Jan 3, 2015


A dark political fable from Andrey Zvyagintzev, this bitterly funny, tragic movie could be interpreted as a modern day retelling of Job's story about a man besieged by fate, lost in the belly of a whale, except in this case, he is besieged by the corruption and impunity of a local functionary who has seized his property, refuses to pay a fair price for it, and intends to build some grand monument in its place in a backwater in the middle of nowhere, Russia.
Winner of best screenplay at Cannes, Leviathan is not only a chronicle of the destructive powers of unimpeded graft, but also a look into a culture which harbors a dangerous combination of powerlessness and recklessness. This may be the movie where individuals drink the most in the history of cinema. Their shots of vodka are downed in 4-ounce glasses filled to the hilt. They chug vodka by the bottle. But then again, there is nothing else to do in this nameless northern town, home to fish packing factories, boat and whale carcasses, and abusive local authorities.
Zvyagintzev takes his time introducing us to his characters: Kolya, a car mechanic and volatile heavy drinker, who is not a bad man, his younger, unhappy second wife Lilya, and Kolya's ornery teenage son, Roma. Dima, a friend from Kolya's army days, comes all the way from Moscow to help Kolya defend himself against Vadim, the corrupt official who has all institutions in town, including the arrogant patriarch of the local church, in his pocket.
Because these people are human, they do all kinds of fucking up on their own besides trying to fight Vadim, which helps him destroy them and makes it a far more interesting movie than if they were just in a righteous crusade for justice (that would be the American version). Kolya built his house on a hill overlooking the bay with his own hands, it has been his family's land for generations, but Vadim cares not for roots, history or people. He uses a combination of drunken threats, the misapplication of the law, and their own recklessness to get them out of the way.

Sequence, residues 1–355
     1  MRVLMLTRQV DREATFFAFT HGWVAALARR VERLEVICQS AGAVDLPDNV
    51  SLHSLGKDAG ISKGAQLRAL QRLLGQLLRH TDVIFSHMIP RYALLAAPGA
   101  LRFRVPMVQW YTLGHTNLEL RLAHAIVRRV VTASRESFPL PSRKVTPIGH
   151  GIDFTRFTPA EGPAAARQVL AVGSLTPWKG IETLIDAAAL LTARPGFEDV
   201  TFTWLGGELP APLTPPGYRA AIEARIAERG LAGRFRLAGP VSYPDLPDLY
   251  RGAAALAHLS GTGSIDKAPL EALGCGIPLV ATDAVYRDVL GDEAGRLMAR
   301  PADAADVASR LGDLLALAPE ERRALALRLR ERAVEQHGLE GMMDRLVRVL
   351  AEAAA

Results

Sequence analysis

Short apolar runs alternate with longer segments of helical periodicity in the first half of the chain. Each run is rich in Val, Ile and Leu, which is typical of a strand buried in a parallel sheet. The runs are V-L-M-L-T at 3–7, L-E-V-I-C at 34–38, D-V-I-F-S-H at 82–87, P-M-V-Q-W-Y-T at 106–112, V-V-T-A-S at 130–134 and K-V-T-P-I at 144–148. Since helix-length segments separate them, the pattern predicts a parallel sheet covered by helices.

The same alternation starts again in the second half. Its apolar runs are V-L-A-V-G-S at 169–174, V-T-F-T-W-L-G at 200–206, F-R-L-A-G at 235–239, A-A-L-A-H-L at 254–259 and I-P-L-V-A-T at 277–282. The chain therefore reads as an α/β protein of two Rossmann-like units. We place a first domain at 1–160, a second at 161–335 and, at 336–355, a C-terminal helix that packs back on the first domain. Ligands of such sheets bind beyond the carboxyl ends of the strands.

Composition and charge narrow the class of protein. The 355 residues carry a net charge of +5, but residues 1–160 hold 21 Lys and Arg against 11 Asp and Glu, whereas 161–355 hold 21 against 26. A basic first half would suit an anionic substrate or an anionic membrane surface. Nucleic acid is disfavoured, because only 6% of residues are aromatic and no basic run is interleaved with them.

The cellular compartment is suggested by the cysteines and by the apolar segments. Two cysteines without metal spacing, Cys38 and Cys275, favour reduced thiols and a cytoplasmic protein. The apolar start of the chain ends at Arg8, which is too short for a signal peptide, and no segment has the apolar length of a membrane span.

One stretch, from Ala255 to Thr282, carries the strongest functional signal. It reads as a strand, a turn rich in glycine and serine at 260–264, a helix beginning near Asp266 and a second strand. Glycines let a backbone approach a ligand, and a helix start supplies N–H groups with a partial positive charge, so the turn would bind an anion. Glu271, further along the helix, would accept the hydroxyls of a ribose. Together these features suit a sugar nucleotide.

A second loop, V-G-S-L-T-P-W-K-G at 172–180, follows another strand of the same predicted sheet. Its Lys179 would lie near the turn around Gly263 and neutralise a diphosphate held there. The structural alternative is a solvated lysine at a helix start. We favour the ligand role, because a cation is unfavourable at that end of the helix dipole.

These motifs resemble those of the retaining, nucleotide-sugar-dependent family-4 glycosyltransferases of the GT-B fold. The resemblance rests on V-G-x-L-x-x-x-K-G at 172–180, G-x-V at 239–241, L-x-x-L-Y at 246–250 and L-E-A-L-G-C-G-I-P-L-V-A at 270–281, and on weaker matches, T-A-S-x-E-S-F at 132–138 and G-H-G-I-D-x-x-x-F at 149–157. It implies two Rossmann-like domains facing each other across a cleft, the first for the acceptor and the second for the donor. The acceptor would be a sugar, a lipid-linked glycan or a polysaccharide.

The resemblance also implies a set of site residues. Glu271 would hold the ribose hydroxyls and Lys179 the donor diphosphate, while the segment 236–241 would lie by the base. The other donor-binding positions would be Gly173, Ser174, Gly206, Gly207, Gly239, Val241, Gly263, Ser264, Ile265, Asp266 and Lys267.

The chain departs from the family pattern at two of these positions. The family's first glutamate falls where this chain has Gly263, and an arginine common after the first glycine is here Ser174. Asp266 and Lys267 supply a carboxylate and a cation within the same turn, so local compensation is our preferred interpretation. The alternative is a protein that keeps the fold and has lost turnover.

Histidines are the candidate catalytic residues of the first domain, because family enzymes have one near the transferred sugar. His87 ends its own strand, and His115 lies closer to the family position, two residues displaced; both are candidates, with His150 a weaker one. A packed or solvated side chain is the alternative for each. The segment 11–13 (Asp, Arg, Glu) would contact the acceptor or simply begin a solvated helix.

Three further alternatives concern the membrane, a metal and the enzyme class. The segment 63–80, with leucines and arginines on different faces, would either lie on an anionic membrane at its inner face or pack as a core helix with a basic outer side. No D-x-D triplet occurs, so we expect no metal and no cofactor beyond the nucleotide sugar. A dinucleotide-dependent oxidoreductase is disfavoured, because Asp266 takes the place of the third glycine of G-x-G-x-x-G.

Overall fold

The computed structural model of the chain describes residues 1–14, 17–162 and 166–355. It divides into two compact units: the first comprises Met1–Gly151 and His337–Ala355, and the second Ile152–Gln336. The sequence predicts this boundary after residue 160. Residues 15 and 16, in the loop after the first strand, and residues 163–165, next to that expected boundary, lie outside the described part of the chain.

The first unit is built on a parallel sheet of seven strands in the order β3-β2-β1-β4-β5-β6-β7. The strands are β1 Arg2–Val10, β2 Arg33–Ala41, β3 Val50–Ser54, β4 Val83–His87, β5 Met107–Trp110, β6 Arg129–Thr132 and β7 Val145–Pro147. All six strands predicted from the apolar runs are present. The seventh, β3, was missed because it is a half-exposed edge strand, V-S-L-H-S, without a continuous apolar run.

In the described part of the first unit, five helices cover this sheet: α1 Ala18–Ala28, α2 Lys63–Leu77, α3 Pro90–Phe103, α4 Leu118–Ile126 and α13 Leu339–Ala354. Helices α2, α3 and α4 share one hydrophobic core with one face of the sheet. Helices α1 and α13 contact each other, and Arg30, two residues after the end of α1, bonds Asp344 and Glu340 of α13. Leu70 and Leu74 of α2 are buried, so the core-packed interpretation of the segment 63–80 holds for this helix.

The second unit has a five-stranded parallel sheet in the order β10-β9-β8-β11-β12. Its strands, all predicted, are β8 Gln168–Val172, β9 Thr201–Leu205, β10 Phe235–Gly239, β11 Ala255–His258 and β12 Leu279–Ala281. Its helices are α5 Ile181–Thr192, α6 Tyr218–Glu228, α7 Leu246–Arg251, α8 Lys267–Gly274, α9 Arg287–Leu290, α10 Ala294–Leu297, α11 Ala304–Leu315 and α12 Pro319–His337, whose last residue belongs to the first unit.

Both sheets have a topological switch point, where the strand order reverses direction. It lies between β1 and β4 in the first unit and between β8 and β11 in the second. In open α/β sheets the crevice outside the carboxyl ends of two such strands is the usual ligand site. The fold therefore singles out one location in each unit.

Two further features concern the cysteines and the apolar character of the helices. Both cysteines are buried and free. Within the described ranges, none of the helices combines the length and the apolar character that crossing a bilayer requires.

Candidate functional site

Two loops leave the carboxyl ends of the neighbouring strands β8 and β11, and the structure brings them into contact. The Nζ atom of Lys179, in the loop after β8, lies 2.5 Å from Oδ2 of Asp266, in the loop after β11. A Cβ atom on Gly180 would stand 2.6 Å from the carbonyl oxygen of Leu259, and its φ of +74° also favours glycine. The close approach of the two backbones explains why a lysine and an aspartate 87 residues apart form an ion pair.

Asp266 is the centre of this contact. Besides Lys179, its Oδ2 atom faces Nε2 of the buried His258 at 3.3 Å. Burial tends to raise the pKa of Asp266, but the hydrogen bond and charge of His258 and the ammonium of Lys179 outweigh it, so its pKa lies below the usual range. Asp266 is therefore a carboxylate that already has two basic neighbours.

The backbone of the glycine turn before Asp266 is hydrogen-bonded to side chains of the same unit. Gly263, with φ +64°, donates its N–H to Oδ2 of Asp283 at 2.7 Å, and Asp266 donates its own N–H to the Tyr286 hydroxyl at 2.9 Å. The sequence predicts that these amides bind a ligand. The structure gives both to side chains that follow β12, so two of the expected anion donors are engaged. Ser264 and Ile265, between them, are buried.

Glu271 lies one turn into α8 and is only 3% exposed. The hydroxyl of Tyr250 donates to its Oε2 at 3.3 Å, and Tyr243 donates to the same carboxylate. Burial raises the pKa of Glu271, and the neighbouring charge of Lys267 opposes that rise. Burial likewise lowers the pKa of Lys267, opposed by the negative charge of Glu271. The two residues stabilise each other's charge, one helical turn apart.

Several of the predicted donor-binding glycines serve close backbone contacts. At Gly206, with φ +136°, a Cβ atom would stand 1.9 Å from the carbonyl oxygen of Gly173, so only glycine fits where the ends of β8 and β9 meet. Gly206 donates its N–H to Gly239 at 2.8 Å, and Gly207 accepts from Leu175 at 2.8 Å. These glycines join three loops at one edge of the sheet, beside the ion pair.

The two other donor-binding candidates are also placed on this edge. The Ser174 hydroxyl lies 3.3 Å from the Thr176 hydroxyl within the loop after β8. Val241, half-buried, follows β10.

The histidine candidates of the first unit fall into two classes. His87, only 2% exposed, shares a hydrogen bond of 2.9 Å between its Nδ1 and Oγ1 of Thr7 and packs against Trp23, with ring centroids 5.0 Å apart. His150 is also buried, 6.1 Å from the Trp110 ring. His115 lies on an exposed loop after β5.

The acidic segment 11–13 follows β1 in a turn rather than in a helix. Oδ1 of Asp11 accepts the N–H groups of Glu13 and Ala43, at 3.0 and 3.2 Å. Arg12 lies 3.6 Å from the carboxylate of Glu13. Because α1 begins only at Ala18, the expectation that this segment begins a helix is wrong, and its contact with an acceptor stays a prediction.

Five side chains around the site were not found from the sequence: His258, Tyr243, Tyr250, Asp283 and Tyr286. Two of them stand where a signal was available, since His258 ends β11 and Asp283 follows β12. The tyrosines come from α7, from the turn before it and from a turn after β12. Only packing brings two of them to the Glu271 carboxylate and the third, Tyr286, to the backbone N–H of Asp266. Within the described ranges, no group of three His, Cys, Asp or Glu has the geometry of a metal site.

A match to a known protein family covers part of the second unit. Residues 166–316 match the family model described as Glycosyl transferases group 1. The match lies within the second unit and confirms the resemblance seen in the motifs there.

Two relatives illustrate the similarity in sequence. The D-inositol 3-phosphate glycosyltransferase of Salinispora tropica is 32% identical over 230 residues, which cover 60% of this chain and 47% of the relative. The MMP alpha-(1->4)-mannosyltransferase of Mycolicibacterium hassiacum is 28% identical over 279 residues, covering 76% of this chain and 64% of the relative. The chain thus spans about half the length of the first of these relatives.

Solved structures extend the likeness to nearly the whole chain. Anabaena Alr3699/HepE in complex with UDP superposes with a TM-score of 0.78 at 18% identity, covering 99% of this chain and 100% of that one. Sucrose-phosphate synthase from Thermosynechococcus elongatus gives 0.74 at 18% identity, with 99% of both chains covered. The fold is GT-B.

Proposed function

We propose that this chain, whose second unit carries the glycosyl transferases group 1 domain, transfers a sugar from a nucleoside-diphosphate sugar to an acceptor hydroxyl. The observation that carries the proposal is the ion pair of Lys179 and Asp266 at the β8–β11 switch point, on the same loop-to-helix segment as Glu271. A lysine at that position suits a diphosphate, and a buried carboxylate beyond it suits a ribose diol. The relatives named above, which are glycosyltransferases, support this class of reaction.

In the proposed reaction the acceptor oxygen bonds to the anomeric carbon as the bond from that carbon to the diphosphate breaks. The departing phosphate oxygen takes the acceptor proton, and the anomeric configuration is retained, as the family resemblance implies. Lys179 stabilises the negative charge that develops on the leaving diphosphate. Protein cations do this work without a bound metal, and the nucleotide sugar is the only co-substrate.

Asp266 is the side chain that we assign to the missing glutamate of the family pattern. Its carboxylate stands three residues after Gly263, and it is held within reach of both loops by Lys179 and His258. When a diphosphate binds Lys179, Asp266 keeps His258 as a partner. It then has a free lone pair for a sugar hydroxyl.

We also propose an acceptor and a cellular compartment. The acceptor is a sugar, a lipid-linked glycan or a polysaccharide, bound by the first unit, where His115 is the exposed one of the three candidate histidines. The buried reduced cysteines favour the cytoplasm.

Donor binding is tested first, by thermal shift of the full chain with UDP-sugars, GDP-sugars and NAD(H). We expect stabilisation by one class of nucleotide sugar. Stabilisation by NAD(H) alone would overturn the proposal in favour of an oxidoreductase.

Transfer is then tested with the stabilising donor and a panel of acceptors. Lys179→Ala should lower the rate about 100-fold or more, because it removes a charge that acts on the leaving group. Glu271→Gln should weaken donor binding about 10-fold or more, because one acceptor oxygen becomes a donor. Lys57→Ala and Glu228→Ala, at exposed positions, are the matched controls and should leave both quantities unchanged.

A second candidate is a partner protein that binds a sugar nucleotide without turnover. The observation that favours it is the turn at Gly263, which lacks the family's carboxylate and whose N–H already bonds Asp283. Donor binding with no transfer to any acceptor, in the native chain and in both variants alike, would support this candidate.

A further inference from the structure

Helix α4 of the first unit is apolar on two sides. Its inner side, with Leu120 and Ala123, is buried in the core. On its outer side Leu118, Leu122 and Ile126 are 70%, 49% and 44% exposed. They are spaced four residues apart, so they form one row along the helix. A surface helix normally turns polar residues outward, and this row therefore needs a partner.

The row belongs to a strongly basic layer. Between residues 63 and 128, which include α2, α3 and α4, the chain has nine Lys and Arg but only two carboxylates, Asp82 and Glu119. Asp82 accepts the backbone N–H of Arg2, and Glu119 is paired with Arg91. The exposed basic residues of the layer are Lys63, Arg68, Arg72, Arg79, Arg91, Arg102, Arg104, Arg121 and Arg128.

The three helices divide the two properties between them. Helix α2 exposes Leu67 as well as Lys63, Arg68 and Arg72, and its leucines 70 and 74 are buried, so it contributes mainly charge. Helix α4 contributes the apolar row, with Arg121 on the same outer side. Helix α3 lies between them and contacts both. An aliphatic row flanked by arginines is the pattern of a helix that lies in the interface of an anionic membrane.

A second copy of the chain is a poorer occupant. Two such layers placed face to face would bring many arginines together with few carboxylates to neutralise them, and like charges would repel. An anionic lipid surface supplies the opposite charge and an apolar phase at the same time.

Before it turns tragic and appallingly ironic (in the real world impunity always wins), much fun is to be had observing local custom. Policemen who drive and shoot target practice while drunk out of their gourds (with children running around, to boot), teenagers with nothing to do but drink inside the ruins of an old church, women that counsel others not too drink so much while pouring them another hefty glass, and the ridiculous theater of bureaucracy in the guise of endless laws, articles, codes and paragraphs completely perverted to serve power, a sham designed to trick people into thinking they live in a lawful country.
If this is not a parable about life under Putin, I don't know what is. Mystifyingly, the movie got made with governmental support, which means that either the censors are idiots, or Putin wants to show the world that there is some sort of freedom of expression in Russia.
Leviathan is a fantastic movie. Anybody who has ever lived under brazenly corrupt regimes will understand in their bones the combination of frustration, exhaustion, outrage and ultimate capitulation that these Russian folks experience. You laugh until it sobers you up.

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